The timber remains are all that's left. It once would have had pottery and bark to keep the elements out.
"When I see the threat to this area such as looting, vandalism and grave robbing, I see that as erasing our history as Native Americans," Ms Wilson said.
"Knowing that this area has been left out of the current monument — it just shows how much Native Americans are still ignored to this day."
Donald Trump Jr influential in law change
Back in Salt Lake City, the conservative Mormon majority don't see it that way, and have memorialised the chair Mr Trump sat on when he signed the order.
Mike Noel said it was a gutsy action most presidents wouldn't take, and support from Mr Trump's family was crucial to making it happen.
"Part of the help that happened here was that his oldest son, Donald Jr, has a really great passion for hunting, so he's out a lot," he said.
"He's a tremendous individual, great hunter, great outdoorsman, he's not a pansy. I mean he literally gets out there and hikes."
They believe they've done a great job protecting the land and should have the right to continue to do so.
Under the old terms of the national monument, grazing and hunting were allowed, but Mr Trump's action means mining and resource industries can now survey the area too.
It was initially denied that resources were a factor, but it later emerged a uranium firm, Energy Fuels, lobbied for the monument to be shrunk.
Its chief executive, Mark Chalmers, who worked for Australian politician Ian Macfarlane, is furious his company is getting the blame, saying it only asked for a 2.5 per cent cut.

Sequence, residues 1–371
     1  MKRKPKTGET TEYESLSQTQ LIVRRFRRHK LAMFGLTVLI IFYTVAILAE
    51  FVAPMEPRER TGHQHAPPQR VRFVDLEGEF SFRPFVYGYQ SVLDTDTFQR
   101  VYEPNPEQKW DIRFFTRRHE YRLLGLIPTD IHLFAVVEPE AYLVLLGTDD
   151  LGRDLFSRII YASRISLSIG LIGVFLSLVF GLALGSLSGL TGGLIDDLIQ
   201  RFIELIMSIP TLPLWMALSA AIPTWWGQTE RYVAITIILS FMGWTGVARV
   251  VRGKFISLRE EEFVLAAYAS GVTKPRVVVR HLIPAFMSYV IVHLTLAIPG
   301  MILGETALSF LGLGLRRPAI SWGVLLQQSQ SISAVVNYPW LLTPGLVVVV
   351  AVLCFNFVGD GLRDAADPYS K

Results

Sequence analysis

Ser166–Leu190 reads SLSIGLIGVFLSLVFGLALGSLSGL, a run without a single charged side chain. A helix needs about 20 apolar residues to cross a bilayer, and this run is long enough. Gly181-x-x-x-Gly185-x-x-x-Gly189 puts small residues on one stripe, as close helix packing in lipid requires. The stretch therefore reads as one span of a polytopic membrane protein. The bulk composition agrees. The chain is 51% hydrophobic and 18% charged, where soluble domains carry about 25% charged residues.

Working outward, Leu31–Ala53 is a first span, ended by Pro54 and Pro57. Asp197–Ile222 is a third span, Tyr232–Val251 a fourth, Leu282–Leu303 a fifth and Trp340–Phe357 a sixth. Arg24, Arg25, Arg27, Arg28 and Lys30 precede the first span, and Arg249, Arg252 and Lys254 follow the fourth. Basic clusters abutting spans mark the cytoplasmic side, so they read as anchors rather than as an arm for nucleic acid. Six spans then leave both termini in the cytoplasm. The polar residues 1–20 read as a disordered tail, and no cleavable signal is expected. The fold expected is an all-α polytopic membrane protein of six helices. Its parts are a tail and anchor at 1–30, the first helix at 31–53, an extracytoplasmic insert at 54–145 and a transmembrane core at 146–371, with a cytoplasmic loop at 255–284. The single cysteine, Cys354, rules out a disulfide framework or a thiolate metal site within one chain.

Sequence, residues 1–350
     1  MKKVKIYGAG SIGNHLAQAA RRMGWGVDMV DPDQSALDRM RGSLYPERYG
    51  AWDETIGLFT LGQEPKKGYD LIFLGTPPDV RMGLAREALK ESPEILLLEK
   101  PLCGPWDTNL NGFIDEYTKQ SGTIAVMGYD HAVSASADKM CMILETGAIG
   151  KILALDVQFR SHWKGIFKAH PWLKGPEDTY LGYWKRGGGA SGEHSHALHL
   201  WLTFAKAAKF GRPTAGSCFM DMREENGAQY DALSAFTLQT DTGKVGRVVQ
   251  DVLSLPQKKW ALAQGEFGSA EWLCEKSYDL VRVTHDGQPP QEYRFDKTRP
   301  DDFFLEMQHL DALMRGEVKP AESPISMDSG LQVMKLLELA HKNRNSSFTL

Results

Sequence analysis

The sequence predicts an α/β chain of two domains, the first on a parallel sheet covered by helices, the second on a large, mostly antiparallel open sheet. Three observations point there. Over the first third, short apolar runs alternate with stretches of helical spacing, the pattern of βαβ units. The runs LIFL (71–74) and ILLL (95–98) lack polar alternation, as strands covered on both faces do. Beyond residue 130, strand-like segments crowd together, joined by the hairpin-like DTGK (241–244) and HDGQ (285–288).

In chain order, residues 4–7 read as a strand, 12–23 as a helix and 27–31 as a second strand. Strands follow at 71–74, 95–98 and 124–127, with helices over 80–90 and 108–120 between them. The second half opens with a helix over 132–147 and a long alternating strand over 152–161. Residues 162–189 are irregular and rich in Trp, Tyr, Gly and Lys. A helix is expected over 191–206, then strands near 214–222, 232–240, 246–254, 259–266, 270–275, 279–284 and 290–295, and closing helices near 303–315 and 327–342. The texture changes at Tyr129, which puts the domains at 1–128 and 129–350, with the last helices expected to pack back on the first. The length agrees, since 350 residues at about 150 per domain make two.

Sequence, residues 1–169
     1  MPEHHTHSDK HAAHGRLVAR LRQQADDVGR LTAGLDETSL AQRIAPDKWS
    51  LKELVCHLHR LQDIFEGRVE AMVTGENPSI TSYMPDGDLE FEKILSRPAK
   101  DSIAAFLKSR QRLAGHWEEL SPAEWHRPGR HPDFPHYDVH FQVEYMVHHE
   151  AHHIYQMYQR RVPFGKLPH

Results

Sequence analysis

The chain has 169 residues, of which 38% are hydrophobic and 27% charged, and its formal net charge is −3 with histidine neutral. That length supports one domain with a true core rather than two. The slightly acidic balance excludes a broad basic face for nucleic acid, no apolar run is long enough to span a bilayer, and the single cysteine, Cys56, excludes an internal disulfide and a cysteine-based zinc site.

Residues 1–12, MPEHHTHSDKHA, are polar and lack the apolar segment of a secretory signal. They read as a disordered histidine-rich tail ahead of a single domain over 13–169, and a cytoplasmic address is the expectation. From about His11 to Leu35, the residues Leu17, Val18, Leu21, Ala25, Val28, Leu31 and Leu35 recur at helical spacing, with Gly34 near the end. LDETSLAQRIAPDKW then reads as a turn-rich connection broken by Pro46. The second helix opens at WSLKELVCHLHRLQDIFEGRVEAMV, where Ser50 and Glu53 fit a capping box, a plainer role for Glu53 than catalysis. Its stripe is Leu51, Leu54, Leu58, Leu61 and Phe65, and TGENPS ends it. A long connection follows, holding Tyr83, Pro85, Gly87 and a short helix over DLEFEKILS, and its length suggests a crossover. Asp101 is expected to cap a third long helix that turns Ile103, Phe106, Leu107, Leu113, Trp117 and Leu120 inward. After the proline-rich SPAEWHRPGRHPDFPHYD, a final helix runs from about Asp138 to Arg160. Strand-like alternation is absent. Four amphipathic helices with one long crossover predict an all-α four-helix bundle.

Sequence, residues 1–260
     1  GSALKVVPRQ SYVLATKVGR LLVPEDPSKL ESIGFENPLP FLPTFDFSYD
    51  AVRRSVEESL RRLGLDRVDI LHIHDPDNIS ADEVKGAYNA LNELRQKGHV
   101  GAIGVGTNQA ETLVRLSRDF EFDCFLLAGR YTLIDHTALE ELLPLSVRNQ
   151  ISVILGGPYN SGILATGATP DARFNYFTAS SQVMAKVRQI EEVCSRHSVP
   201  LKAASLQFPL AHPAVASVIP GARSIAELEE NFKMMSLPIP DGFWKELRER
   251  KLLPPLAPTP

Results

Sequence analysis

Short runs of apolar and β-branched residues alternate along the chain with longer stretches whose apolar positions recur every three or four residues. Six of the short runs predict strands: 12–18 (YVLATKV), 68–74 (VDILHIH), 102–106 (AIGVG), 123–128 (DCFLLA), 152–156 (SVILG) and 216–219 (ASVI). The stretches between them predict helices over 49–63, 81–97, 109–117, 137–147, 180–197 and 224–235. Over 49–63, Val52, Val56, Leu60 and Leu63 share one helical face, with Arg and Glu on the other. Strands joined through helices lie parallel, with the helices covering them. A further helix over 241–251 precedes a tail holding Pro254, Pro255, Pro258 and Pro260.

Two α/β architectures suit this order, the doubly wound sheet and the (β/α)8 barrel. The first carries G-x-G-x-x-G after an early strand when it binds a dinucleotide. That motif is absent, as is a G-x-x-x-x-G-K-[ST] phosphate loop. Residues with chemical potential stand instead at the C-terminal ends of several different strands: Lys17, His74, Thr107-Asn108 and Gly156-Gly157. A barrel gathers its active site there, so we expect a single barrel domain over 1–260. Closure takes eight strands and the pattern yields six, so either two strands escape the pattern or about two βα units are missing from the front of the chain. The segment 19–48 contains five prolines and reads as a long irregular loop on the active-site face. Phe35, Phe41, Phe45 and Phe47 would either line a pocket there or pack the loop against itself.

"We have no intention in developing anything in Bears Ears. We've said that multiple times and a number of other parties refuse to hear that," he said.
"So this is a non-issue, non-story from our perspective, but certain people keep trying to rev it up.
"And usually the title in the US that has become quite common is 'fake news'. Well, this is fake news!"
Mr Chalmers said his company employed many Navajo people.
"I think the important thing is when people try to ping our company against the indigenous people — it is just flat wrong." he said.
National monument changes uniting Native American tribes
Nevertheless the reduction has united Utah's five Native American tribes.
With their history of warring, it's the first time they've come together because they say their culture is at risk.
"It's disappointing. We got this as a monument and here, you know, people will just come in here and destroy these things. And some of the things, our history is here," Mr Yellowman said.
And the tribes have high-powered support, with outdoor clothing giant Patagonia running a national campaign to have Mr Trump's decision reversed.
In Salt Lake City though they are accusing Patagonia's billionaire founder of hypocrisy, saying hikers do their own damage.
"He's making money off of public lands — he's bringing people in," Mr Noel said.
"They're creating problems out there."
"They're walking on the land and a lot of them are defecating on the land."
Compromise seems unlikely.
Mormons are deeply distrustful of the Federal Government and many Native American tribes are deeply distrustful of the state's Mormon politicians.
What seems certain is that the case is likely headed to the Supreme Court, and the ruling will determine if future monuments can be scratched at the stroke of a pen.
You might not have heard much about Bears Ears yet but you certainly will once it lands in court.